The sommelier has poured some wine in your glass and you as you taste it you get a sinking feeling that the wine might be faulty and you should reject it. But that is awkward, maybe you are wrong and the sommelier did sniff the cork before pouring your taste. What to do?
Wine is a living thing that develops and changes in its bottle as it ages. It can be affected by outside influences such as temperature and how it is handled during storage. So in fact every bottle is an individual.
The most frequent cause of a wine being faulty is by taint from a chemical harboured in its cork. Long before that chemical, TCA, was identified drinkers blamed the closure saying the wine was ‘corked’. One drop of TCA placed in an Olympic-sized swimming pool is powerful enough to taint the water within and can be tasted. But TCA can also spread from corks to the fabric of a winery and go on to taint its entire production. There are several cases of this happening wherewineries needing to construct entirely new facilities. So it is not impossible for a wine closed with as screwcap or other non-cork seal to be ‘corked’.
There are other possible faults which are easier to detect. Secondary fermentation is one. Symptoms include cloudiness and bubbling.
So when the wine is poured for you to taste, look at it in the glass. It should be bright and clear. Old wines can have sediment which will cloud the wine when the bottle is shaken but this shouldn’t happen in a restaurant so if the wine is cloudy, reject it.
The wine should smell clean. Some old wines have a musty smell immediately after opening which is known as ‘bottle stink’ but that clears within moments. If you are not used to drinking old wines be aware that they smell and taste differently to young wines; they have less fruit.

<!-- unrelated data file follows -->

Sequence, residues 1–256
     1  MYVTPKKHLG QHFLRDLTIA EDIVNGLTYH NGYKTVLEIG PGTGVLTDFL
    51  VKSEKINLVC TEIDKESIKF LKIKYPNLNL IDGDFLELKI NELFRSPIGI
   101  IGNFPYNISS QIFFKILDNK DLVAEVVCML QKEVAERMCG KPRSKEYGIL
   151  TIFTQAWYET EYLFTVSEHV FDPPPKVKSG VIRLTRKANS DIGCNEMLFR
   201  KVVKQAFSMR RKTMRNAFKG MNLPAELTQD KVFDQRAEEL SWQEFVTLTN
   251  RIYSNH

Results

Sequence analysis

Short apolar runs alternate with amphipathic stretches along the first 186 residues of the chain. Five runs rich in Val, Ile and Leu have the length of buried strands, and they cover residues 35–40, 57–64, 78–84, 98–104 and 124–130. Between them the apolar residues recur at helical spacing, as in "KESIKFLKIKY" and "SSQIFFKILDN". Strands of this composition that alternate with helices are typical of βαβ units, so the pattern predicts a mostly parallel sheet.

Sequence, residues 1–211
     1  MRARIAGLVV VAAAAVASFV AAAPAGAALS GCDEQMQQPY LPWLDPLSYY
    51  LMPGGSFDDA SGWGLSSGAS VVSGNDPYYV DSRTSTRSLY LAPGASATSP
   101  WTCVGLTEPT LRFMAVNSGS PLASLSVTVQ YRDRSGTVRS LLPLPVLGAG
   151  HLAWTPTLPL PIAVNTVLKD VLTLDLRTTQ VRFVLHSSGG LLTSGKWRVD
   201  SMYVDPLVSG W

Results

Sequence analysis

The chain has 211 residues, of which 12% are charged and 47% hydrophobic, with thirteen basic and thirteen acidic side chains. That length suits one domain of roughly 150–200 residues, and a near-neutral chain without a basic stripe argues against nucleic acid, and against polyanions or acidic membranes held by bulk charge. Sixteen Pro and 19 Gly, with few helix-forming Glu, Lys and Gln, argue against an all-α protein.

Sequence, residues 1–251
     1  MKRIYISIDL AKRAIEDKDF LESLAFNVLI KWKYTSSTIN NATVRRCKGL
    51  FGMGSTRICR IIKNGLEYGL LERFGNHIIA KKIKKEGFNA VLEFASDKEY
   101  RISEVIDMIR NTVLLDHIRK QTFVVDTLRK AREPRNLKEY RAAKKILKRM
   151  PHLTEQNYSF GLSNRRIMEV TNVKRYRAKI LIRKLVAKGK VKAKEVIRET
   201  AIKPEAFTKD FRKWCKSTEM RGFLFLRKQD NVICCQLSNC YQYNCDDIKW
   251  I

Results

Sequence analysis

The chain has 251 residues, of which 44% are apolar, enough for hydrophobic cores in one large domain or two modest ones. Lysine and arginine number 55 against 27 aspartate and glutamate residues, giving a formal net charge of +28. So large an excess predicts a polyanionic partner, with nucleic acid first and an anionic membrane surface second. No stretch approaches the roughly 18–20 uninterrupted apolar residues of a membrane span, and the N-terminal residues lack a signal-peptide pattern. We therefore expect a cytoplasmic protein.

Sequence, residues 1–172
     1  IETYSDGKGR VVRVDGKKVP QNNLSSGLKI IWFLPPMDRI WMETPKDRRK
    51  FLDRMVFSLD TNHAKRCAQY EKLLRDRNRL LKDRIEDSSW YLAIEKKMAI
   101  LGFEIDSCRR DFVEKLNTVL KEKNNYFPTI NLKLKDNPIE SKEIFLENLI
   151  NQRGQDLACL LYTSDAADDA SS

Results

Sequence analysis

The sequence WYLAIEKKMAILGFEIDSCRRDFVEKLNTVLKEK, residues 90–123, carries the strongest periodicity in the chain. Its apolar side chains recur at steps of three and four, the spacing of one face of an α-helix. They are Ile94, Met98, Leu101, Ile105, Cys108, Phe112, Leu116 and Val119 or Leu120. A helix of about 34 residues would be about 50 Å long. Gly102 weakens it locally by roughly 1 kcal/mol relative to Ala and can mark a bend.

Taste the wine. If it is a wine you’ve had before you are in a better position to judge if this example tastes right.
So now you’ve tasted the wine and you think it is faulty. How do you reject it?
Just tell the sommelier that the wine is faulty and ask him or her to bring a different bottle. In a good restaurant your request will be accepted without hesitation.
If you are not sure, tell the sommelier you think the wine is not as it should be and ask them to taste it.
Supposing they reply that the wine ‘always tastes like that’? You can stand firm – after all they are charging 2-400% of the retail price and can afford a rejected bottle – and it is your taste that matters. Remember that perception to TCA varies between individuals and you may be more sensitive than the waiter. At times I have asked for another bottle to be opened with the proviso that if they taste different I will not be charged for the first one. I don’t want to drink a bad bottle of wine, yet if I have to do this challenge it is unlikely I will return there.
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Peter F May is the author of Marilyn Merlot and the Naked Grape: Odd Wines from Around the World which features more than 100 wine labels and the stories behind them, and PINOTAGE: Behind the Legends of South Africa’s Own Wine which tells the story behind the Pinotage wine and grape.